You’ll use the touchpad when you want the precision of placing the mouse cursor inside a word.
The Touch Cover comes in five colours: white, black, red plus cyan and magenta versions that will match Nokia’s cyan and magenta Lumia range nicely.
Typing on the Touch Cover is a little odd at first because the keys don’t move under your fingers; but they don’t pick up typing until you actually hit the keys so just resting your hand on the keyboard or even putting your fingers in place on the keyboard while you think about what to say doesn’t generate stray characters.
The soft surface is more comfortable and less slippery than typing on a screen – not to mention being at the right angle.
It is harder on your fingers than typing on a keyboard with physical keys that give as you type, so if you type a lot there’s the Type Cover.
This has the same strokeable soft feel as the Surface chassis itself and the keys go down a surprising distance for a keyboard that’s still so thin.
As well as all the usual keys, down to backslash, pipe and a nicely arranged set of four arrow keys, the top row of keys has the volume, media playback and navigation keys you’d expect – and that’s Home, End, Page Up, Page Down and Delete but not the irritating Insert key that does nothing but make Word type over what you’ve already written.
Between them are four keys you won’t have seen before but will recognise from the Windows 8 interface; they’re the Search, Share, Devices and Settings buttons from the Charm bar so you can get at them without having to take your hands of the keyboard to swipe across the screen.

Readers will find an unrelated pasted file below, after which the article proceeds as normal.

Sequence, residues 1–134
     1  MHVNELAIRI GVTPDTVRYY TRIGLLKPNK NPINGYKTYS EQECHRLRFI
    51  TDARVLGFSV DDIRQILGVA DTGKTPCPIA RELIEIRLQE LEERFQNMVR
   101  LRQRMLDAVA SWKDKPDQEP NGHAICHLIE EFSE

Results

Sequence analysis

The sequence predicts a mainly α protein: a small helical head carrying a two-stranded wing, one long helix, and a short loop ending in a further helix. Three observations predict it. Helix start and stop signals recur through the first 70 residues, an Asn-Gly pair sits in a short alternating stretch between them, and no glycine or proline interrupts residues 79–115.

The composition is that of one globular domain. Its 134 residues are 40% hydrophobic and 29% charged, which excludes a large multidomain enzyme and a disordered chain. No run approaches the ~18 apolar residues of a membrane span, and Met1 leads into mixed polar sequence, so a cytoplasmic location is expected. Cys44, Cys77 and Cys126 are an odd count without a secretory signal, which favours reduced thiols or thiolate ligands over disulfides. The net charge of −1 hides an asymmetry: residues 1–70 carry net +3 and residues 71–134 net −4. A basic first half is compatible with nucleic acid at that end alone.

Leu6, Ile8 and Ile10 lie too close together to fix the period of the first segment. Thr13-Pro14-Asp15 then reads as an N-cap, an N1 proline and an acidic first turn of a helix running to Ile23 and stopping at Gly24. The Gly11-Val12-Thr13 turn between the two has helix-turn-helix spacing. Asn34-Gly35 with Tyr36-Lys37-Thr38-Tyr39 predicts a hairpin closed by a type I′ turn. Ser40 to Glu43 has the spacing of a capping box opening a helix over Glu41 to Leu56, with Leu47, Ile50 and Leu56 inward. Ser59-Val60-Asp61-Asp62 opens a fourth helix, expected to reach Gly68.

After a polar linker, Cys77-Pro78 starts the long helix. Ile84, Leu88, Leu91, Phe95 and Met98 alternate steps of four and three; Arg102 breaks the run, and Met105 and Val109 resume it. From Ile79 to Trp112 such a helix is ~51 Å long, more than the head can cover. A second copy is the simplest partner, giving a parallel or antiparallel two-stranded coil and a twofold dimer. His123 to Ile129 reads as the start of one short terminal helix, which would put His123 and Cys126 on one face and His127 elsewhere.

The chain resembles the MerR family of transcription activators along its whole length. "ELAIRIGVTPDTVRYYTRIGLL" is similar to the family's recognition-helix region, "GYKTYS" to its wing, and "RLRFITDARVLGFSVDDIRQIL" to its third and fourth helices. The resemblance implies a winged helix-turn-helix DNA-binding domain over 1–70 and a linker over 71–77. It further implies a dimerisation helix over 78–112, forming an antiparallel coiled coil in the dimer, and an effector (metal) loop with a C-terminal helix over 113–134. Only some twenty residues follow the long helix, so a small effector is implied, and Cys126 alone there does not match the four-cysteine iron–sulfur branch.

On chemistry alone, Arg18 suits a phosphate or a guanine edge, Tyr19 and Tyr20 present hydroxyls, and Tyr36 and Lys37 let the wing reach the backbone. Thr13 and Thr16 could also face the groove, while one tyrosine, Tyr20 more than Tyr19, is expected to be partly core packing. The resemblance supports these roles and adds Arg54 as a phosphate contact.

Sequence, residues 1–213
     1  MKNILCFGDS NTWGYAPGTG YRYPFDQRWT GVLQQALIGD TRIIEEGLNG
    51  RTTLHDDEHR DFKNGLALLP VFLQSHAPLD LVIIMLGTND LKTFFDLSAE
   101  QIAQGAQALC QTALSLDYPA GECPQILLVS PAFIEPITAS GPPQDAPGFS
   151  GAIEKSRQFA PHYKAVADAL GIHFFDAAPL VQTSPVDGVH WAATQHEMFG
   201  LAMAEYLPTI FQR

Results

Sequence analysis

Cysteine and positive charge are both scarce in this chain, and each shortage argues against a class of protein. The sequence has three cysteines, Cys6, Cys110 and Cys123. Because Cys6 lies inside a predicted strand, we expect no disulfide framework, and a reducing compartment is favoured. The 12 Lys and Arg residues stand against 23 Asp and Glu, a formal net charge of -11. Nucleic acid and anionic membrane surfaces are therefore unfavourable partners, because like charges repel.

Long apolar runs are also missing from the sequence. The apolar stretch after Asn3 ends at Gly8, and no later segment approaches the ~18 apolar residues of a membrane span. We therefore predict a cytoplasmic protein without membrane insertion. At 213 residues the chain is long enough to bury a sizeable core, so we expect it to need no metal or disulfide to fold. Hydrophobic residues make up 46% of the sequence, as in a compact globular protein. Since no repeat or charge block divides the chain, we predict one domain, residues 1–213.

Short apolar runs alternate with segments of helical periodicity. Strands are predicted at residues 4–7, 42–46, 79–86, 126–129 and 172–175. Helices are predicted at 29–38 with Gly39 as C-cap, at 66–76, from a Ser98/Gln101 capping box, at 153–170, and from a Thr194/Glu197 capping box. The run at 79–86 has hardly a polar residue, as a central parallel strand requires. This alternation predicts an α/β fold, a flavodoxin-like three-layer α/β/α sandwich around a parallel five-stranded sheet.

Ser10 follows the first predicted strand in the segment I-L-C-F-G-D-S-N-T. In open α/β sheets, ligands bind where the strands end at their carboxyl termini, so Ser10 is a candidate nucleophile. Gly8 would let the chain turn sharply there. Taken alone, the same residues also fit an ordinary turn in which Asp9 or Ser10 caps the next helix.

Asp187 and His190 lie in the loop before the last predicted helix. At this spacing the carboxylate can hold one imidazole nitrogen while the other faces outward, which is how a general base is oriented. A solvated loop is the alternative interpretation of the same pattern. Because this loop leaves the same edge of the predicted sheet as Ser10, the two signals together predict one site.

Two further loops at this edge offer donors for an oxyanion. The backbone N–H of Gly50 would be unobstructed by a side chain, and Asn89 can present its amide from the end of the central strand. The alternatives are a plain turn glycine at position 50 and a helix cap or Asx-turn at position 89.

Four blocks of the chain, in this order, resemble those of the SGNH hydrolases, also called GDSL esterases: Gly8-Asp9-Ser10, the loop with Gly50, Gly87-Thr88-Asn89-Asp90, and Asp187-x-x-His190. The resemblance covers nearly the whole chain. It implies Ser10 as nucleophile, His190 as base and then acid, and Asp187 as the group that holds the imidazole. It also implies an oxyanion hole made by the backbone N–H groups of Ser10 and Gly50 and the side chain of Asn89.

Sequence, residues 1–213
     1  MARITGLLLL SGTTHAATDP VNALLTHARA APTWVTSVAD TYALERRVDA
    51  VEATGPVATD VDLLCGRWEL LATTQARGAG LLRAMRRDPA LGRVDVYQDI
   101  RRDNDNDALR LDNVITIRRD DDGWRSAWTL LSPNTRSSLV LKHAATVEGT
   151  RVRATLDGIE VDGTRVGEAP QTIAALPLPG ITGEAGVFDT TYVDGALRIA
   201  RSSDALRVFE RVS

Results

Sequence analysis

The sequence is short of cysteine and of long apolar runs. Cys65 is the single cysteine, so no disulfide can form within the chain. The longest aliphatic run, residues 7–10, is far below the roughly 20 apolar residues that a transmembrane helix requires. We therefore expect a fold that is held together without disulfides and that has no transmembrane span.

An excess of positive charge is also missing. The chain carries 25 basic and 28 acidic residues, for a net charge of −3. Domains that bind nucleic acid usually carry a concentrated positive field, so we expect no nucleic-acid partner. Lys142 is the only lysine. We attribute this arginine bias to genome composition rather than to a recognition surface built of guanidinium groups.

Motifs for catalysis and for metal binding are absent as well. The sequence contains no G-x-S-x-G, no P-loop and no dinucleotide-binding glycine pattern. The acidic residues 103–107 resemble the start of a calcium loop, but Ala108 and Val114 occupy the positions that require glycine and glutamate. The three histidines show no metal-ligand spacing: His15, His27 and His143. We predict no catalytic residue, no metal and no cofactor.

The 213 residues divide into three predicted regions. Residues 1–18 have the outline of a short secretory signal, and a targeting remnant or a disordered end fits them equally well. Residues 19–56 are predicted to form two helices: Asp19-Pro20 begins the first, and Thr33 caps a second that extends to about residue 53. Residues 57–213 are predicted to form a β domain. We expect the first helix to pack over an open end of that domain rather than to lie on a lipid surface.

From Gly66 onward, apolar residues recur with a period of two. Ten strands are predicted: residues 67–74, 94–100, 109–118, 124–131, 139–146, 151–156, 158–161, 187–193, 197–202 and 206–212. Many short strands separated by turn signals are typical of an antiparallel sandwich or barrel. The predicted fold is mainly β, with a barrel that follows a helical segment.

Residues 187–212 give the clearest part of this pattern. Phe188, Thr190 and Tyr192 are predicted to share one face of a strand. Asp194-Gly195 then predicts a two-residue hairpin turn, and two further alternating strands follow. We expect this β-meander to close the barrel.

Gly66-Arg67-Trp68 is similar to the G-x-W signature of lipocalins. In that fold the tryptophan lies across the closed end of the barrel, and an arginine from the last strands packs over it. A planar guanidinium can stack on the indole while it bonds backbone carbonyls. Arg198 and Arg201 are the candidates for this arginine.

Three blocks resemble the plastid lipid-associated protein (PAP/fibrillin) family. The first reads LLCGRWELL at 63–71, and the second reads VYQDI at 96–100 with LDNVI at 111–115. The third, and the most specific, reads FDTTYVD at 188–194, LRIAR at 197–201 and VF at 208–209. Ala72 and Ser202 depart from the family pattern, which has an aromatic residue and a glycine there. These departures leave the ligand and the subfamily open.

The Type Cover has those keys labelled as function keys as well; the Function lock button is on the Touch Cover as well so you can use F7 in Word to start spell check of Shift F3 to change case if you want to.
Presumably, Microsoft believes that if you know what function keys are you can find them by the number keys in the row below.
The back of the keyboard covers (and the front of the Touch Cover) are a tough microfibre fleece made especially for Microsoft; it’s soft to the touch, comfortable and gives you a good grip.
Surface Pro has some extras above and beyond the Intel processor and the ability to run all your Windows programs.
The Ivy Bridge Core i5 still needs cooling, so there’s a groove around the edge; it’s 4mm thicker and 227g heavier and the screen resolution is what Microsoft cryptically calls ClearType Full HD.
It’s got DisplayPort instead of HDMI and as well as the two keyboard covers it also comes with an active pen.
This clips onto the side using the same magnets as the power cable, so it doesn’t get in the way of the keyboard connections.
In your hands though, Surface Pro looks and feels very much the same – and the Touch Cover and Type Cover fit both interchangeably.